“Keep yourself in God’s love.” That really sounds like a religious or spiritual thing to say, right? What comes to your mind when you read that line? In this series of posts, we have been studying some phrases that Jude writes in an ancient letter to his Christian friends. It seems that Jude is writing them to give them guidance about how to ready themselves if Jesus would return in their lifetimes. Specifically, Jude’s friends had allowed ungodly impostors in their church, and he was very concerned that his friends were doing the opposite of getting ready for Jesus’ return. In verses 1-16 he pointed out who they impostors were, and now in verses 17-25 he is giving the church instructions for how to address the impostors, thus providing the church a foundation for being ready should Jesus return.
First, he talked about how to build one another up in the faith and, second, about praying in the Spirit. Now he says in verse 21 that Christians, to be ready for Jesus’ return, should keep themselves in God’s love. Last week I referred to this verse because at the beginning of the letter, Jude says in verse 1 that he writing to those who are “called, loved and kept by God.” So in verse 1 we see God at work doing the calling, loving and keeping, while here in verse 21 Jude says that the Christians need to do the work of keeping themselves in God’s love. It is both God’s work and ours. So how do we keep ourselves in God’s love?
The way Jude wrote this, the phrase “keep yourself in God’s love” is the only command or imperative, and the other phrases support that command. In the NIV the translators chose to feature each phrase individually. Some other English translations, however, help us see Jude’s focus when they translate it this way: “building yourselves up in the faith, praying in the Spirit, keep yourselves in God’s love, waiting for the mercy of God to bring yourselves to eternal life.” See how each of the supporting phrases modify the central command to keep yourselves in God’s love?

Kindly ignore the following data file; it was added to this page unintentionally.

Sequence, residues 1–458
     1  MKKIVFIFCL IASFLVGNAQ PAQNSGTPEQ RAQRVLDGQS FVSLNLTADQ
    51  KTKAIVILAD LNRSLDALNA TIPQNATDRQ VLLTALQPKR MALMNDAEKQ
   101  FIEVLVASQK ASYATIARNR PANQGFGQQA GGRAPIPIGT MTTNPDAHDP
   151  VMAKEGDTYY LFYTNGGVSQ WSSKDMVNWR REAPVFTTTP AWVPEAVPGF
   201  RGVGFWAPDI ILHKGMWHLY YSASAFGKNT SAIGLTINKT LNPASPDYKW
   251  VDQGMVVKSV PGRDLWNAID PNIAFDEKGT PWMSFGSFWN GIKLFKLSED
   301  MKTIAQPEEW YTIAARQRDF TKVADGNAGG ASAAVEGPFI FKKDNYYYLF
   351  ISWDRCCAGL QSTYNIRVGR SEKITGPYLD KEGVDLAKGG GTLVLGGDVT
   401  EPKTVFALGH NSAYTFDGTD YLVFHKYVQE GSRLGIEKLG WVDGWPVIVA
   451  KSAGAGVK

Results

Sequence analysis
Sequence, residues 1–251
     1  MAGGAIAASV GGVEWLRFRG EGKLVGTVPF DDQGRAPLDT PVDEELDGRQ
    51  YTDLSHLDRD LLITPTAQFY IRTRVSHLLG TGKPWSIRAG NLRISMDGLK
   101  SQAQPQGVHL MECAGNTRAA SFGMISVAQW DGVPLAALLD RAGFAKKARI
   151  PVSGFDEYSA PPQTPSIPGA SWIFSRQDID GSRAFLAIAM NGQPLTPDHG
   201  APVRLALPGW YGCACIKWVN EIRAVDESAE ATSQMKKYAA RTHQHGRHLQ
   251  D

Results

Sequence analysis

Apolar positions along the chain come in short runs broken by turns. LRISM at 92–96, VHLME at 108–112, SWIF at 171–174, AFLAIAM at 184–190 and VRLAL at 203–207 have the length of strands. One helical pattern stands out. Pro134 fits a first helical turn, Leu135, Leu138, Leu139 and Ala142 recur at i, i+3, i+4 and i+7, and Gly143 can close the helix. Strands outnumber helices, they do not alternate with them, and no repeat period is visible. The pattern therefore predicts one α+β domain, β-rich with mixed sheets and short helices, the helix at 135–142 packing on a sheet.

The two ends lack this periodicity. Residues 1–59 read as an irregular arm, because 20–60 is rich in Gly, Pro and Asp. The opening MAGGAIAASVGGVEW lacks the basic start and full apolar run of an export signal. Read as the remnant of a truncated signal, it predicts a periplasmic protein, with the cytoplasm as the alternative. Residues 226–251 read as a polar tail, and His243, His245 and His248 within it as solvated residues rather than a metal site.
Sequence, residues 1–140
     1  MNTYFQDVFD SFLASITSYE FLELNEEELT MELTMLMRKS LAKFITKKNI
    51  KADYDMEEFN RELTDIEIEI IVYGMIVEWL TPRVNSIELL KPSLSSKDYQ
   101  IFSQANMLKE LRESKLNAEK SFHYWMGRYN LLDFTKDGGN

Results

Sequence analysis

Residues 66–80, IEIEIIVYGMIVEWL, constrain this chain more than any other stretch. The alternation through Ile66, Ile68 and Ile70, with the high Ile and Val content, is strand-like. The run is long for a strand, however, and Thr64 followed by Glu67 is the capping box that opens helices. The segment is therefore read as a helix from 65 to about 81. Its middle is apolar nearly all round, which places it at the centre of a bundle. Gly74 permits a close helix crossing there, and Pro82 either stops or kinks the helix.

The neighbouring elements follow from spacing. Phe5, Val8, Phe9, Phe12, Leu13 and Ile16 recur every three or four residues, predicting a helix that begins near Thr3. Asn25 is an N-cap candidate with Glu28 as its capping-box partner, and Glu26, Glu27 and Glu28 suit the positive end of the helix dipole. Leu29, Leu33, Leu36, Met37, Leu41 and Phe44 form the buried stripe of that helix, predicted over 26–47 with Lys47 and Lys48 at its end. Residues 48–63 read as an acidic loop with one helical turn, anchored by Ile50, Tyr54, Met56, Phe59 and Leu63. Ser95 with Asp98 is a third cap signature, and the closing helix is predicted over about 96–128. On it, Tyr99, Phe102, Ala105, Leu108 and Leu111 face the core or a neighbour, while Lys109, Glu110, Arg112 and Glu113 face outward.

That means we should be known for our love while we wait for God to return, or until that day we pass on. The goal is to keep ourselves in God’s love. In that we see how much God wants to be in relationship with us, how much he wants his love to remain in our lives, and thus how much he wants his love to be flowing out of our lives.
Think about other Scripture passages referring to love that we can apply to our lives. “Love one another.” “Love your enemies.” “We love because God first loved us.” When we depend on God’s love, his power resides in us, so that his love flows through us. This occurs through his Spirit within us, meaning that his love is within us. Here we have a connection to praying in the Spirit which Jude mentioned previously.
I was reading this week about the ancient Christians and how they lived through numerous awful plagues in the Roman Empire. When most others, especially the wealthy fled the cities to avoid the plague, the Christians, filled with God’s love, stayed and ministered the hope of Jesus to people. Interestingly, as the Christians shared the words of the Good News about Jesus, and as they provided clean water and food to people, many sick people actually recovered, and when they were back to health, you can imagine how they felt about Jesus. Many gave their lives to him. Those Christians kept themselves in God’s love.
How about you? What will it look like for you to keep yourself in God’s love? Notice that it is a practice of relationship to God that results in his loving flowing out of you. Keeping yourself in God’s love is not just personal or private. Instead, when you are filled with God’s love, you will share that love with those around you, especially with those in need.